"Tell me, what is it you plan to do with your one wild and precious life?" ~ Mary Oliver

“rebirth” . . .

People think of Easter as being a time of rebirth – after all, Jesus ascended from the dead; Lazarus stories abound and we’re all aware of snakes shedding their skin and starting to grow a new one.

What does “rebirth” mean anyhow, I woke up thinking this morning. Especially in America, it seems, we live in a culture where we are constantly trying to reinvent ourselves. We live in MAKEOVER USA. That’s fine, I guess, but is it really necessary? I mean, what’s so wrong with us that we have to keep adding to the patchwork quilt that we’re sewing together of our lives?

Don’t get me wrong, I’m all for makeovers. I love rearranging the furniture, for example. Especially when I find an antique table that’s nicer than the one I have. Or bring in a blanket chest that I have little room for but delights my spirit nevertheless.

Oh, and also hair. Women love to redo their hairstyle – or color it or wear it up or down, depending on our moods. But, I am getting far astray from the idea of “rebirth.” Let’s face it, we can alter our perspective about things, make amends and hold out our hands to others but we can’t really be reborn. Not even born again you-know-whats. I mean, you’re born and then you die sometime. In between, you can take shifts at different kinds of lifestyles and attitudes. You can change the way you look: lose weight or don’t, already.

We are a culture of changing ourselves because we constantly think that we need to IMPROVE. Well, that depends upon how much energy you have from doing the best you can when things are down. So, where are we? The French don’t seem to feel that they have to have makeovers all the time. Somehow, they seem to get it right the first time!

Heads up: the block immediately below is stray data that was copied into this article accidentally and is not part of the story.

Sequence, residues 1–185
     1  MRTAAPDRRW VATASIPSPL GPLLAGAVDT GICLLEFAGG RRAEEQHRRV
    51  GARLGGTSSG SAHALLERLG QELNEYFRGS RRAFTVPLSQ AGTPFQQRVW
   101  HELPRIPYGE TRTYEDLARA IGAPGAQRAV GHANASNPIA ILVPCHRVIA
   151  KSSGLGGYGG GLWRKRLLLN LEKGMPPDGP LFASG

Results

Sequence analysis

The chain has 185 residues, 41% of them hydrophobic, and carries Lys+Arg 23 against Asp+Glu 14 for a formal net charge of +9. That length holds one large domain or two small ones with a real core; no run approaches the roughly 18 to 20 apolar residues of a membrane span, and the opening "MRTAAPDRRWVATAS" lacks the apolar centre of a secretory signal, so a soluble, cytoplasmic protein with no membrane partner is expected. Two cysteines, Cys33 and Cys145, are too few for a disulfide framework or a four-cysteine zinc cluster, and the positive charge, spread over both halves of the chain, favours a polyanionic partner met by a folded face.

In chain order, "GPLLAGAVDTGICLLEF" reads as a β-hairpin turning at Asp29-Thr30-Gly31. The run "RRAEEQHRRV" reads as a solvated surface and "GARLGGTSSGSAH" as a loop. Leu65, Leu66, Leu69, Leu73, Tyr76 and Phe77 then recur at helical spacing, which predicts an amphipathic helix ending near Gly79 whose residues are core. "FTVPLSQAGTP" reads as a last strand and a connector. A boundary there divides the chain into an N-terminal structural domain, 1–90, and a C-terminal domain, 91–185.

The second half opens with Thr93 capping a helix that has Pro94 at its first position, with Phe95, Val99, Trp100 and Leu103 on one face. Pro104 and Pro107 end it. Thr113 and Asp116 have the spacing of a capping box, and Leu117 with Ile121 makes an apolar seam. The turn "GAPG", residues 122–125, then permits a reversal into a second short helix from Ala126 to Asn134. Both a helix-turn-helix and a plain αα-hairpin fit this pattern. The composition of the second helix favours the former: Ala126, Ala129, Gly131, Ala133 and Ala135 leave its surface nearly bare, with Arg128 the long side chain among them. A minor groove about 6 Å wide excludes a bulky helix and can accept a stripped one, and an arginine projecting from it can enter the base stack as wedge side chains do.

HAHA, so maybe we can resolve ourselves to do our best, whatever that happens to be at any given time and shelve the idea of improving ourselves constantly. Instead we can enjoy being bystanders of the entertainment world where making comebacks and reinventing image is their profession and life’s blood. Maybe ours is good enough. At least for today.

Easter dinner redux . . .



IMG_6828I thought I might post a few details about the recipes for preparing our Easter dinner in the previous post.

The carrot-orange cake is one that I have made for decades. One April Fool’s day long ago, I iced a brick with cream cheese frosting and served it to one of my daughters. She was rather non-plussed at the time that it wasn’t a real cake, but her sister remembers it with glee. I thought again about doing it because today IS April Fool’s day in addition to it being Easter. But I didn’t. I searched for our old recipe because the current one on the internet is different. It calls for buttermilk and dark rum of all things. Ours has fresh Navel orange juice and zest in the cake and zest on top of the cream cheese frosting.


Here’s the recipe:

Bon Appetit’s Carrot-Orange Cake Recipe (November, 1995):

  1. Preheat oven to 325 degrees
  2. With a mixer, beat together: 1.5 cups of vegetable oil; 1 cup of packed medium brown sugar, 1 cup of sugar.
  3. Add four eggs, one at a time and beat well in between each one.
  4. Add 1/3 cup of fresh squeezed Navel orange juice and 1 tablespoon of zest.
  5. Add 2 cups of flour – not packed (be careful) and 2 teaspoons of baking soda and 1 teaspoon of baking powder.
  6. Add 1 teaspoon cinnamon (Penzey’s Indonesian cinnamon), 1 teaspoon ground ginger,  1/2 teaspoon ground nutmeg and 1/2 teaspoon salt.
  7. HAND-GRATE on medium hole side of a box grater, 3 cups of fresh carrots. I leave the skins on and cut off the tops and bottoms. This is a lugubrious task and tiring to do. Don’t be tempted to run them through a food processor because it grinds the carrots too small. When they are ground too finely, they are heavy, believe it or not, and sink to a thick layer on the bottom of the pans. The hand-grated carrots “float” in the batter –which I found out the hard way one year. BTW, I also add a handful of golden raisins because we like them but you don’t have to – walnuts are sometimes nice too.
  8. Stir the carrots in by hand, lightly folding them in the batter until they’re mixed in.
  9. I used two aluminum foil 8.5 inch cake pans because it makes 2 layers – 8 inch is too small and 9 inch is too big (sad but true!)
  10. Bake on middle rack for almost an hour – start testing with toothpiks around 45-50 minutes in and don’t be tempted to take it out until the toothpicks come out clean.
  11. I turn off the oven, pull the cake shelf halfway out of the oven and let them cool.
  12. Take them out and let them set on the counter for about 15 minutes and turn out the cakes onto plates. Let them cool COMPLETELY before frosting them.